|Introduced||11 July 2014 (as Browser Computer)|
18 February 2015 (as CollabVM)
|Type||Online virtual machine|
The Collaborative Virtual Machine (also known as CollabVM, Collab VM, or collab-vm) is an open source project which allows users to collaboratively control one or more virtual machines through an online web interface using a turn-based queue system, typically for around 18 seconds per person. The twist is that anyone can hop in and use any of the available virtual machines at any given moment, and do whatever they want, so long as they abide by the CollabVM Rules.
The current concept and project was inspired by the website socket.computer, but the CollabVM project adds many more features on top of the existing features such as a chat room, an Admin Panel, logs, and more. The website was created by Dartz, and the software was coded and written by Cosmic Sans, Dartz and Geodude. And since the server software is open source and publicly available, you can download it for free here. Currently, the latest version of collab-vm-server is 1.2.11, but it will eventually be replaced with CollabVM 3.0.
What it is
The site allows users to control a virtual machine. The site runs several virtual machines. The list are as follows: (updated sometimes)
Install Any OS (Modern OSes) x86-64 (VM 7)
Use "!help" for bot help
Install Any OS (OLD OSES) x86 (VM 8)
Use "!help" for bot help
There are other sites running the CollabVM software that also run other operating systems, like MS-DOS, Windows 98, Debian, etc, and soon, users will be able to host their own VMs with their own operating systems (this has been already done with UserVM).
The site is powered by Guacamole and collab-vm-server. The site features a chatroom, where users are able to type messages to each other. The purpose of the chat is to share ideas on what to do on the virtual machine, although it can be used for pretty much anything.
When you login to the website, you are given a generic, anonymous guest name (typically guest (string of 4-6 numbers)). Server owners can recompile the server with a different name, so it may be different depending on the CollabVM site you're using. You can change your name if you so desire (by clicking the "Change Username" button) or you can leave it as the default guest name.
To take control of the virtual machine, first, either press the Take Turn button or click/tap on the screen. You will then be assigned a place in line. You will either get control of the virtual machine, or you may have to wait until another users turn is finished before you can take control. If the CollabVM site you are using has a new enough version (1.2.10 or higher), you may end your turn at any moment by pressing the End Turn button to either let someone else receive control or you feel that you have used the machine for long enough. If there are others in the queue, they will receive control after you have ended your turn.
To check who is currently taking a turn, you can scroll to the user list and look for any blue or yellow names. If their name has a blue background, that means they are currently in control of the virtual machine. If their name has a yellow background, this means they are currently waiting to take control of the virtual machine. If they have no color, that means they aren't doing anything. When you press the Take Turn button or click/tap the screen, if someone is also taking a turn, you will receive a timer which indicates how long you have to wait.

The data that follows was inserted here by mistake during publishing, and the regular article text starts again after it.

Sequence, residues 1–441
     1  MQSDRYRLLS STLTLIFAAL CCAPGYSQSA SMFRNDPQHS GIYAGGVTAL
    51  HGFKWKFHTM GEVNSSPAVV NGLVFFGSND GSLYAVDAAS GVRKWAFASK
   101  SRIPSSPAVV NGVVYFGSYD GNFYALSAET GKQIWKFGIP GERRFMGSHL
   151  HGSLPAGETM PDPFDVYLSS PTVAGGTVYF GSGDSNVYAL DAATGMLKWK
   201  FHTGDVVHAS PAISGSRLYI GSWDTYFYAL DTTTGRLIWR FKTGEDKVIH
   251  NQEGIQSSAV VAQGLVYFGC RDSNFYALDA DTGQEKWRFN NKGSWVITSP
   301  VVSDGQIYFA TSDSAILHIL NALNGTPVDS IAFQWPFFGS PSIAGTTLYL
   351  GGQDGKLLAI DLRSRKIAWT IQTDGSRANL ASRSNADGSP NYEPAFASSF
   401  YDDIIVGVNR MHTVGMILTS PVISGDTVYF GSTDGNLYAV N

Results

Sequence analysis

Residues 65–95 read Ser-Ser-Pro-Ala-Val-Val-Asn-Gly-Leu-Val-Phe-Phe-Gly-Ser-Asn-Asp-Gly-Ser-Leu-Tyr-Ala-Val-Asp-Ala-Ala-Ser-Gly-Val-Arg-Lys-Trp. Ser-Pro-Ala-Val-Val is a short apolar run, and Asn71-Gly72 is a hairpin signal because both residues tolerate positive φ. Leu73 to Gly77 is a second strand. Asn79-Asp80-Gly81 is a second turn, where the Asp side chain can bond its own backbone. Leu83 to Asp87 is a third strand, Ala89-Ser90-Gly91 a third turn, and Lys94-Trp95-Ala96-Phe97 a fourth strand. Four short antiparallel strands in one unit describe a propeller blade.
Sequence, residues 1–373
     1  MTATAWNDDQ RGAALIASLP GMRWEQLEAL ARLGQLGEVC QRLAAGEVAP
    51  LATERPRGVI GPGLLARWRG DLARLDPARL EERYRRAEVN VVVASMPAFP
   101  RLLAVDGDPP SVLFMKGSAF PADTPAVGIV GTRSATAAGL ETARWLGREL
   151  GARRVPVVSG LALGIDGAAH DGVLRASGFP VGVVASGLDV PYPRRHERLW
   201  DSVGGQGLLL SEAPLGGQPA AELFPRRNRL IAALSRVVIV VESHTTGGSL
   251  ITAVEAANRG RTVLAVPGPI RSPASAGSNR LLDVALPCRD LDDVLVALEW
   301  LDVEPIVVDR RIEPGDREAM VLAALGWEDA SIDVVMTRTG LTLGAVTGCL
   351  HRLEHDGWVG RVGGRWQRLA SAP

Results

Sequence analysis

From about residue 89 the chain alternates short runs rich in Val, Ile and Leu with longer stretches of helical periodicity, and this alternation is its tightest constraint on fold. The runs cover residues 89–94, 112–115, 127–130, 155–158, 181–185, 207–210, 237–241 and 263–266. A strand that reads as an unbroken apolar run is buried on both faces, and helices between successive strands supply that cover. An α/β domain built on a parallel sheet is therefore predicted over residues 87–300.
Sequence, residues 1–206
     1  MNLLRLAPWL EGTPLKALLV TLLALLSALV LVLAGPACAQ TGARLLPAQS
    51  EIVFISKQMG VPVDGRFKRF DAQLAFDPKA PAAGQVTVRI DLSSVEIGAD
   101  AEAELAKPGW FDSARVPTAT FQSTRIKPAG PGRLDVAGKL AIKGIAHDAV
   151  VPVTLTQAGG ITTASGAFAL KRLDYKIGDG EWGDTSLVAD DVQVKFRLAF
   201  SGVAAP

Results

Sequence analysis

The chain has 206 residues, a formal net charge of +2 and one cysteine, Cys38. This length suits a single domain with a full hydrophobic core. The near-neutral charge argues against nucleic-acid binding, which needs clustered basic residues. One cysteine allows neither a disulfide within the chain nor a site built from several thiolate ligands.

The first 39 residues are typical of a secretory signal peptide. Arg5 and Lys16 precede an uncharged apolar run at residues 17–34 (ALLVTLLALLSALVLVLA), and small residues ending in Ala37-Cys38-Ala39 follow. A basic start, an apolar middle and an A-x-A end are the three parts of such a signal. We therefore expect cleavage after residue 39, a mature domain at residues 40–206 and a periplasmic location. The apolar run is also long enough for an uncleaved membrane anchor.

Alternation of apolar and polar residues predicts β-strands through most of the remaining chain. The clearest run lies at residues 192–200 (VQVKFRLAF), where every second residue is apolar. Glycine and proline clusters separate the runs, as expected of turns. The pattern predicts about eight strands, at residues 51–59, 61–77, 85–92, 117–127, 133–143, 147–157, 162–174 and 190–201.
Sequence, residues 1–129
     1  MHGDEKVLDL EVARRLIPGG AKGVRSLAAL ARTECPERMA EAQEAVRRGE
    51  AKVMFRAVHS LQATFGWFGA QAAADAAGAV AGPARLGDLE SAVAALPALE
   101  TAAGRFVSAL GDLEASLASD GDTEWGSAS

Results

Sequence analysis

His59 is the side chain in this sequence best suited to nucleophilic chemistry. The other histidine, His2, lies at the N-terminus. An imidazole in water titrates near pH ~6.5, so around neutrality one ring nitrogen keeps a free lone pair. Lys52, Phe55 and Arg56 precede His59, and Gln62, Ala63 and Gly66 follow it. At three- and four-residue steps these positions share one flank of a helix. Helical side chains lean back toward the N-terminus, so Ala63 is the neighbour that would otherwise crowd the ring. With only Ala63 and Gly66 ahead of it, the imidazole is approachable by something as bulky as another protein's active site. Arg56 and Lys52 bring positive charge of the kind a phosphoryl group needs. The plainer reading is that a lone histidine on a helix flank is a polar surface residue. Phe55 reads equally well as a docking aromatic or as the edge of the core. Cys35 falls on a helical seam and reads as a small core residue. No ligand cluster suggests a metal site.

Please note: While the site is not explicitly for 18 and up, if you are under the age of 18, you need permission from your guardian, (or parent) as anyone can do anything on the virtual machines, including opening pornography and other NSFW things. There is a warning blur which blurs out the screen before you can see it.
The invention of the concept of a public collaborative virtual machine that others could use through the internet is hard to pinpoint. This concept seems to have existed as early as mid 2004, with a user of a forum posting an IP address and a password for a VNC server, claiming it was "open for anyone to use". The concept of collaborating with people through a virtual machine can be traced back to 2010, and the concept of users taking turns to collaborate with a VM online can be traced back to April 2014, the official release date of socket.computer.
CollabVM was inspired by the website Manymo, which allowed users to run an Android virtual machine in a web browser, but is no longer available.
July 11, 2014 - February 18, 2015 - spanning 6 months
CollabVM 0.01 (originally named "Browser Computer") started in July 2014, as a fun experiment. Instead of a virtual machine, it ran in an actual, physical machine running Windows 95, with a basic node.js script to simply connect to a VNC Server that was running with no password. This version did not have turns - if there were more than 2 users on the VM at once, they would have to use the chat to collaborate or try and fight for control. The page in question was also not hosted on Computernewb. The project was later reconfigured to connect to a remote QEMU session due to people constantly turning the machine off, closing the VNC Server, or destroying the machine. It was fairly unpopular, with only around 5-6 unique people controlling it every 2* weeks or so. The project was closed off in November 2014, but would later be reborn in February 2015.
February 18, 2015 - July 28, 2015 - spanning 5 months
CollabVM 1.0 (known as the Socket.IO Era to some) was the first popular iteration of CollabVM, and the second overall. Although initially unpopular, it exploded in popularity in April 2015 after being posted onto Reddit. It ran the socket.computer engine, but had a few modifications in place, the screen was scaled, the laptop image was removed, an administrator panel was modded into it, and two exploits (one being an exploit which allowed anyone to run arbitrary QMP commands) were found and then later fixed.